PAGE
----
stories from the field

Suffering and Missions

Things were not always this unstable. When he first came to this country, it was peaceful. Then there were the protest, the riots, and increasing political unrest.

He looked around the room. There were the usual noises in the busy ward: a nurse trying to convince a husband why his wife needed to be in hospital, a malnourished child whimpering, an old man in the corner groaning in pain, the cries of a woman in labour. These familiar sounds were now rivaled by shouting in the streets, and even occasional gunfire. He thought about all they had done to build this hospital, and the great work that remained. Women safely delivered babies here, the wounded were cared for, the sick had access to medications, people came and heard the gospel. But it wasn’t safe anymore. News of missionaries in the capital city being kidnapped in the midst of chaos has caused a great exodus of foreign workers, the last of them flying out tomorrow. It was time to decide.

When we think of missions and suffering, this is often how we paint the picture in our minds. We envision as the protagonist of the story a courageous western missionary; somebody’s son, husband, someone loved. He’s the good guy. And good guys always make it, right?

The plethora of examples from the Old and New Testaments, as well as modern day, tell the story that the Lord’s workers often face danger doing the Lord’s work. We think of Daniel being thrown to the lions, the stoning of Stephen, and Jim Elliot being martyred by those he went to serve. While we know Jesus said we would be persecuted for His name’s sake, difficult questions still arise. Would I willingly go to a war-torn country? Would I subject my parents to the heartbreak of worrying about my safety? Would I risk my child’s health, education? Do I allow my daughter to risk her life as a missionary? What about the strain it would have on our marriage? What about finding someone to marry? What about burnout, loneliness, or being in a spiritual desert? As a missions agency, do we send our workers into known danger? While our hearts beat for missions, there is competing angst and concern for the missionary.

I would argue that some of the difficulty reconciling these questions stems from telling the story from the wrong perspective. What if the protagonist isn’t the missionary, and we’ve focused on the wrong person in the story? Are the lives of the people the missionary serves worth any less? Are they not somebody’s son, husband, someone loved?

Are the countless masses just countless masses, reduced to staggering statistics in our individualistic mentality? Do our hearts have the same angst and concern for their physical and spiritual wellbeing? However staggering, statistics alone are not known to compel anyone to leap into a fiery furnace. Perhaps focusing on the task, however great, isn’t the point of the story either.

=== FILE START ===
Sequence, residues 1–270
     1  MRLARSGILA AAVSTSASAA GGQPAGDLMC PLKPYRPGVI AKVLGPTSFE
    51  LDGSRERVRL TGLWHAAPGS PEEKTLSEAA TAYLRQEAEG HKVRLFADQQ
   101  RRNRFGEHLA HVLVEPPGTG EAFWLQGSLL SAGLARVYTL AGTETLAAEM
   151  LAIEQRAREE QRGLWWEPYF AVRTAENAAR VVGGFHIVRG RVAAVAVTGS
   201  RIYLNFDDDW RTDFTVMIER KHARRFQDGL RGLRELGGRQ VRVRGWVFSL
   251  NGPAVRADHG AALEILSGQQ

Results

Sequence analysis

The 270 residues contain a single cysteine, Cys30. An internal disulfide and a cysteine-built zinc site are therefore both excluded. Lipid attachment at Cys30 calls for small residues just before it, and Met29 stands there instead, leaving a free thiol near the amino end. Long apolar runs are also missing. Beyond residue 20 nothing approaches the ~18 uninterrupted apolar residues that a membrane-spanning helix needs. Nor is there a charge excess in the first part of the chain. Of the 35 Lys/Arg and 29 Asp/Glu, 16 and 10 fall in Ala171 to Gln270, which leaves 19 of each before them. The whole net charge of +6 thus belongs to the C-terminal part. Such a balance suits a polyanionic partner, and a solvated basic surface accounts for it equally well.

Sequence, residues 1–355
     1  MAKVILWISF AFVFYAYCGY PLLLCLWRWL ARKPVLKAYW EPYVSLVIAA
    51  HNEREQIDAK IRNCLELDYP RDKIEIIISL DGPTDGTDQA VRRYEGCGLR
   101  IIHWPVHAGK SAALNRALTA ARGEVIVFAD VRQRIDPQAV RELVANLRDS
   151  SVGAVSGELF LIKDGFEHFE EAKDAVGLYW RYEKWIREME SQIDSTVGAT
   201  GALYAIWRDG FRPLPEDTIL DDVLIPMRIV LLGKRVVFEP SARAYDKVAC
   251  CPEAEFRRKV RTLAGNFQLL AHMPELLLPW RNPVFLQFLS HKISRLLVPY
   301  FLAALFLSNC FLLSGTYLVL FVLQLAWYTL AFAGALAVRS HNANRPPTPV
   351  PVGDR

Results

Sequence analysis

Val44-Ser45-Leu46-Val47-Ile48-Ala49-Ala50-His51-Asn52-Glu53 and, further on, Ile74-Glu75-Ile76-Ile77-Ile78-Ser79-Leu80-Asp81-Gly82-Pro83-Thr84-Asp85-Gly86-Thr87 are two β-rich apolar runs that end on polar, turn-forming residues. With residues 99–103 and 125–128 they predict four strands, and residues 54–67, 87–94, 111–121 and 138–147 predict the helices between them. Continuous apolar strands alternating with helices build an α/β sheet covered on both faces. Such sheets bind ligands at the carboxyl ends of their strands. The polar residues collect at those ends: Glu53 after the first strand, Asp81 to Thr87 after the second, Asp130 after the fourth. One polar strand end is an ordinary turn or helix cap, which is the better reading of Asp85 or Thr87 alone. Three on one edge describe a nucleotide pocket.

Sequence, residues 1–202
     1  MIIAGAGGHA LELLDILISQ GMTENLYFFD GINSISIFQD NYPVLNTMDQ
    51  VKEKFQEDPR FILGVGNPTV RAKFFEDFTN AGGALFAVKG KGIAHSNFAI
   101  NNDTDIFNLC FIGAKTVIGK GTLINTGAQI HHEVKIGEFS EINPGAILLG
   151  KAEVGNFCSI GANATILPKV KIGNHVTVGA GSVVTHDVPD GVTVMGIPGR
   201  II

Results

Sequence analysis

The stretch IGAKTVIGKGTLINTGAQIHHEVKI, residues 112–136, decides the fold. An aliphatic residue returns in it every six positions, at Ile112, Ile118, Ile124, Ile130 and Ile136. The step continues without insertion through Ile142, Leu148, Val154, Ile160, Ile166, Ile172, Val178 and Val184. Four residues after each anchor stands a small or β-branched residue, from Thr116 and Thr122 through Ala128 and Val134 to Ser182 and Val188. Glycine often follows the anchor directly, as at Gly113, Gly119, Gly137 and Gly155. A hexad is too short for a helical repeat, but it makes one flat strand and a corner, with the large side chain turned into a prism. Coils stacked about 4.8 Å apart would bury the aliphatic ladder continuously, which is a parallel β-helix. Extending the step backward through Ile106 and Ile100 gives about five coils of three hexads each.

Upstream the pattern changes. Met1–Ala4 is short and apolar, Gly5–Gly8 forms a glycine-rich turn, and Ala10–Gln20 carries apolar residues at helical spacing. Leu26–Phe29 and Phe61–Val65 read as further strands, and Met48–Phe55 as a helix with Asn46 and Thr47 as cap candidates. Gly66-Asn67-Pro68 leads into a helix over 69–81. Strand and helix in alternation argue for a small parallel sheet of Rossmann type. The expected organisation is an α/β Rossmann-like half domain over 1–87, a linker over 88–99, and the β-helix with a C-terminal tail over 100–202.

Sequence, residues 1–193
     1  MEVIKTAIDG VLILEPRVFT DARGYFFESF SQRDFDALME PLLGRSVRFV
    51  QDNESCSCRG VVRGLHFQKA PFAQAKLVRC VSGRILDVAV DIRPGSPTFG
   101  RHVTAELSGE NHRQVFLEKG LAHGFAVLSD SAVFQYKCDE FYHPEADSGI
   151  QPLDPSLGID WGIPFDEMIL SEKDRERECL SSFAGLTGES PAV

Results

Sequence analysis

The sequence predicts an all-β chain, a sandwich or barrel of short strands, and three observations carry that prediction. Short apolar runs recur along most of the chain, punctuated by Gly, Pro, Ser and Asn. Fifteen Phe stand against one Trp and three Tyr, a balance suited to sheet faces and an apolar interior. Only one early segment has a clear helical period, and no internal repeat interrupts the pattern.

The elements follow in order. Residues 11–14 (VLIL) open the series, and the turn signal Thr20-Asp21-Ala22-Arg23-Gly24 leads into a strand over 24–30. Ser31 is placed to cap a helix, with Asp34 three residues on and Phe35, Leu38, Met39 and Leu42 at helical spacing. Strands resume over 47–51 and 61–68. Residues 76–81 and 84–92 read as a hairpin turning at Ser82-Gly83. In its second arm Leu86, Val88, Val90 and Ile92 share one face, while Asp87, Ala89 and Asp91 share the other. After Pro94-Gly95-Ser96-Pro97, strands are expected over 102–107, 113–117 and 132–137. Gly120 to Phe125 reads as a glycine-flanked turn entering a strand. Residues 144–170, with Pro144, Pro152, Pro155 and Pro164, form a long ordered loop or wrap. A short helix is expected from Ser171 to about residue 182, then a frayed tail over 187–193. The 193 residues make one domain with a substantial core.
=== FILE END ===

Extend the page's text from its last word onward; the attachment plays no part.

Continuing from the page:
Amy Carmichael quotes 1 John 3:16 to highlight the need for the gospel, “‘Hereby perceive we the love of God, because He laid down His life for us, and we ought to lay down our lives for the brethren’. How often I think of that ‘ought’. No sugary sentiment there. Just the stern, glorious trumpet call, OUGHT.”1 Is the Lord Jesus not the true protagonist; He who is the ultimate example of one who suffered? Is missions not ultimately about His glory and renown? So instead of asking, “Is it dangerous for me?” or “How else will they hear?” perhaps a superseding question is “Oh Lord, how are You working for Your glory here?”

This may mean we sometimes find ourselves bitten by a viper and unharmed for His glory, or completely shipwrecked for His glory. Paul and his disciples discerned from the Holy Spirit that Paul would be beaten and imprisoned in Jerusalem (Acts 20:23, 21:4,11), but instead of this translating to a change of plans, Paul was “constrained by the Holy Spirit”, and went, willing to lay down his life, as the people prayed and sent him (Acts 20:38, 21:5,14).

The difficult questions around suffering and missions need to be approached with the right focus on the story—the ultimate glory of God. When the Israelites spied out Canaan and saw fearsome giants, they focused on their impending doom instead of the power of God; they sinned and died in home camp (Numbers 13:28-14:4). When they grew impatient and decided to fight those giants on their own, focusing on the task instead of waiting in obedience, they sinned again and were defeated on the field (14:40-45). Whether remaining in home camp or venturing into the field, there is no peril more sobering than the words, “because you have turned back from following the Lord, the Lord will not be with you” (14:43).

It is in this following that we need to continually seek the Lord, moving and remaining as the Spirit leads, like when the Israelites were led by the pillar of cloud (Numbers 9:16-23). Is it always safe? Most certainly not. It’s a challenge of faith to believe that our sovereign and loving God uses suffering for His glory, for the advancement of the gospel, and for our joy. As He said it, “In the world you will have tribulation. But take heart; I have overcome the world” (John 16:33).

Missions is about His glory and renown! Is God tugging on your heart to declare His glory among the nations? We’d love to hear from you and discuss opportunities to serve with Pioneers. Call us at 866-268-8778, email us at, or explore current opportunities at

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